The National Adaptation Plan of Action (NAPA), the Bangladesh Climate Change Strategy and Action Plan (BCCSAP) gives a long list of programmes under six thematic sectors to be implemented in order to develop capacity of the individuals, community and institutions so that they can cope with the climate change uncertainties. BCCSAP clearly demonstrates, the thrust of the strategy should be based on sustainable development, poverty reduction and increased well being of the vulnerable groups. It indicates that the strategic action plan aims to develop overall capacity of the community that is sustainable, and secure a wider impact in the society. Disaster management by enhancing community resilience is also echoed in the Hyogo Framework of Action 2005-2015 and also in the National Plan for Disaster Management 2007-2015 of Bangladesh.
However, the BCCSAP did not mention what would be the quantifiable indicators by which achievement of implementing interventions to reduce climate change impacts could be determined. It also did not mention whether any Environmental Impact Assessment (EIA) or Social Impact Assessment (SIA) is required or not before deploying any adaptation interventions. In this regard, there is a need to develop indicators that will be useful to crosscheck the progress of climate change adaptation activities and put those assessment indicators in the future directions to address climate change impacts.

Identifying appropriate mitigation options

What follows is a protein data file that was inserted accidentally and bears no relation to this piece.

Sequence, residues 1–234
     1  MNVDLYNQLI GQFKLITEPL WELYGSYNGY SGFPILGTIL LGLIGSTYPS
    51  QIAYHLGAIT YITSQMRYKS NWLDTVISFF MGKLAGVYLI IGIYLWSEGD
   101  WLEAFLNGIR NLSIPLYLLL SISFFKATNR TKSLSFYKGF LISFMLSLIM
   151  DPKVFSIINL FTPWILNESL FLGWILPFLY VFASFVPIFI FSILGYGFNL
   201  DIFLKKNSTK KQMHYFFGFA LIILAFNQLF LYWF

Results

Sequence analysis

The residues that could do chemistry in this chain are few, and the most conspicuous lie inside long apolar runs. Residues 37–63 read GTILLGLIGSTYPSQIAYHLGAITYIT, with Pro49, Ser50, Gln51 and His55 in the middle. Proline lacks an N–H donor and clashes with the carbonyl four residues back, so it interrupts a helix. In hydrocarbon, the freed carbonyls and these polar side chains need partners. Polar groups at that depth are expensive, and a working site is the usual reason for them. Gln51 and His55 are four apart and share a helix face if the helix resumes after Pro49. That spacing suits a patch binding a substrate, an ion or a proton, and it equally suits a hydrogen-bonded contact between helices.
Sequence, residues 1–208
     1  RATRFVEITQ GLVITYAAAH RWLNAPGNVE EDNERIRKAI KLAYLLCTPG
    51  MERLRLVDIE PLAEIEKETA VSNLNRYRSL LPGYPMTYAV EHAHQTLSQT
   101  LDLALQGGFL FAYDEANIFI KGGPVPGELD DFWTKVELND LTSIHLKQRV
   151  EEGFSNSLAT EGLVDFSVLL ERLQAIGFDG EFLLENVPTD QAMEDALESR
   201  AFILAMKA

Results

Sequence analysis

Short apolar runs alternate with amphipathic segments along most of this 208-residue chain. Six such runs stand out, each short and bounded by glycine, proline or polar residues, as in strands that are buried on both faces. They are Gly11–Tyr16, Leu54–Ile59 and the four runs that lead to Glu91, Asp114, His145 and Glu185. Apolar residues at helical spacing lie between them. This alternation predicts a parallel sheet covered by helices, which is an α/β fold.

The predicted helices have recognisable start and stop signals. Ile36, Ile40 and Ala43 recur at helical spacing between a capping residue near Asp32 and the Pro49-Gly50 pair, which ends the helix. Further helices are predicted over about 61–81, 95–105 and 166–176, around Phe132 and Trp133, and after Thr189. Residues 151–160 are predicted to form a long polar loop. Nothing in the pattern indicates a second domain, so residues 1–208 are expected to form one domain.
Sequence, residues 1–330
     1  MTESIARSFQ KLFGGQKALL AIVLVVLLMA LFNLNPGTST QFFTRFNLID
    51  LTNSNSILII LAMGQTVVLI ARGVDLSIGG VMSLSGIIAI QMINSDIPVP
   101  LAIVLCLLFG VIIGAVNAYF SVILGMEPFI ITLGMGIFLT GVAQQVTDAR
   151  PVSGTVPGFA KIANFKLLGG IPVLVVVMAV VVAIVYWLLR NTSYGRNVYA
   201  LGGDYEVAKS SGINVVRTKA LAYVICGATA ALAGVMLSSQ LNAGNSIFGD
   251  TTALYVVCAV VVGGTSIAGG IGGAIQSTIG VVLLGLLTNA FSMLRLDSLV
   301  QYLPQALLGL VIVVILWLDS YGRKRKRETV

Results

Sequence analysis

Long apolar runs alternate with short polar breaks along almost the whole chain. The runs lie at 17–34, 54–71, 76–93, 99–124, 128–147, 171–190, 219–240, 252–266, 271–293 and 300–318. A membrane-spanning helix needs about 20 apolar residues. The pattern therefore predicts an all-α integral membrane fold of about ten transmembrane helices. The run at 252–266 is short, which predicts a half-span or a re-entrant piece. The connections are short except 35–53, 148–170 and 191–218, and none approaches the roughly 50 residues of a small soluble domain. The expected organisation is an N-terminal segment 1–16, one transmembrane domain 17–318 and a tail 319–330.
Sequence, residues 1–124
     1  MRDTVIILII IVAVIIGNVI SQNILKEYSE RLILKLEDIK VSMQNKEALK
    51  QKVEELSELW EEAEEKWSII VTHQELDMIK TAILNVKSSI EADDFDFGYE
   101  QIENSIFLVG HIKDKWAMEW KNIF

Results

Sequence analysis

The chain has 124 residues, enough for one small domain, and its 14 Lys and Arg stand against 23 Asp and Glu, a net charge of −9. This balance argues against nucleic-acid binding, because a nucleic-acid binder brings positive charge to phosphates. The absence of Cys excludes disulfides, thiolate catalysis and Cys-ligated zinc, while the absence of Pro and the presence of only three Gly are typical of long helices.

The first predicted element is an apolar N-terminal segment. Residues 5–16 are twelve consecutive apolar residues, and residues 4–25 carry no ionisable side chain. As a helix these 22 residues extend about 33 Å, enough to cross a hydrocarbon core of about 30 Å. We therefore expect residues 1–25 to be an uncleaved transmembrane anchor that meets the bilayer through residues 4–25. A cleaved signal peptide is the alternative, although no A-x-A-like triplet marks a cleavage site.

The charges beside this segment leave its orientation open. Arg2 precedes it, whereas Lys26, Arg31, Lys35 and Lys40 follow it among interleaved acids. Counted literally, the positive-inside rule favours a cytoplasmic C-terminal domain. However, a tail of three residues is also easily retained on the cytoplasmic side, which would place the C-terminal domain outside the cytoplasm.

Mitigation options are generally less prioritized in the climate change initiatives in Bangladesh since her contribution to green house gas emission is negligible although industrialized world is pointing at methane (one of major green house gases) production in the rain-fed agriculture systems in the developing countries. Despite all the arguments, Bangladesh might need to plan for several options for mitigating climate change, at least at local levels; emphasis on energy efficiency in the form of renewable energy development, large scale tree plantation projects, and appropriate urban waste management for the reduction of methane gas would be suitable as climate change mitigation.
Large scale tree plantation may help to develop microclimatic conditions in an area by lowering temperature, instigating rainfall, helping groundwater recharge by intercepting rainwater, prevent soil erosion, act as wind breaks and so on. In addition to these direct impacts, there are many off spin benefits of vegetation coverage in an area such as, soil formation, habitat maintenance for different species and to keep biodiversity rich. These benefits, in turn, may act as the base of climate change adaptation.
There is no doubt that climate change is taking place and its consequential impacts are becoming visible in different forms. It is immensely important for a resource scarce country like Bangladesh to examine and understand the pattern, dynamics, scale of influence/impact of certain problems before deploying interventions. Impacts of the proposed interventions on environment and society also need to be scrutinized to make sure that the actions are sustainable and right for the local environment and communities. Inappropriate actions may make the situation worse or gap in understanding may deter us employing alternative actions which may be more effective to address the problem.

Tawhidul Islam (PhD) is Associate Professor, Department of Geography and Environment, Jahangirnagar University, Email: